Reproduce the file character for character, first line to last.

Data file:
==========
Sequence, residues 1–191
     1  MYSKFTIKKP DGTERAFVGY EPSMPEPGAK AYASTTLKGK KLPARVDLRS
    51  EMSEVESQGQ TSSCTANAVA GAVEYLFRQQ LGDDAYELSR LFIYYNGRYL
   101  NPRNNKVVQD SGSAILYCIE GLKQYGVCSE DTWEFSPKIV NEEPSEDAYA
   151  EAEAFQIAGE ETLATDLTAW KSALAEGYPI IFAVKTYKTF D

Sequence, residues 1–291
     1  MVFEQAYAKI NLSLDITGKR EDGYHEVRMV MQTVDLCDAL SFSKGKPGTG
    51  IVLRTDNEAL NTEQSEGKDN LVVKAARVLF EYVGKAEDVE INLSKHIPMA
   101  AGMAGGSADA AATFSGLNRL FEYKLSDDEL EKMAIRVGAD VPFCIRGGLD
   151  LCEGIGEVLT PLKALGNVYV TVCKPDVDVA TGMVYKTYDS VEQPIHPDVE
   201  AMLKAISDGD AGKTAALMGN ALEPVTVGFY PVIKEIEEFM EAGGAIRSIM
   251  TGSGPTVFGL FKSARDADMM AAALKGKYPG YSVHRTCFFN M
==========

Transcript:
Sequence, residues 1–191
     1  MYSKFTIKKP DGTERAFVGY EPSMPEPGAK AYASTTLKGK KLPARVDLRS
    51  EMSEVESQGQ TSSCTANAVA GAVEYLFRQQ LGDDAYELSR LFIYYNGRYL
   101  NPRNNKVVQD SGSAILYCIE GLKQYGVCSE DTWEFSPKIV NEEPSEDAYA
   151  EAEAFQIAGE ETLATDLTAW KSALAEGYPI IFAVKTYKTF D

Sequence, residues 1–291
     1  MVFEQAYAKI NLSLDITGKR EDGYHEVRMV MQTVDLCDAL SFSKGKPGTG
    51  IVLRTDNEAL NTEQSEGKDN LVVKAARVLF EYVGKAEDVE INLSKHIPMA
   101  AGMAGGSADA AATFSGLNRL FEYKLSDDEL EKMAIRVGAD VPFCIRGGLD
   151  LCEGIGEVLT PLKALGNVYV TVCKPDVDVA TGMVYKTYDS VEQPIHPDVE
   201  AMLKAISDGD AGKTAALMGN ALEPVTVGFY PVIKEIEEFM EAGGAIRSIM
   251  TGSGPTVFGL FKSARDADMM AAALKGKYPG YSVHRTCFFN M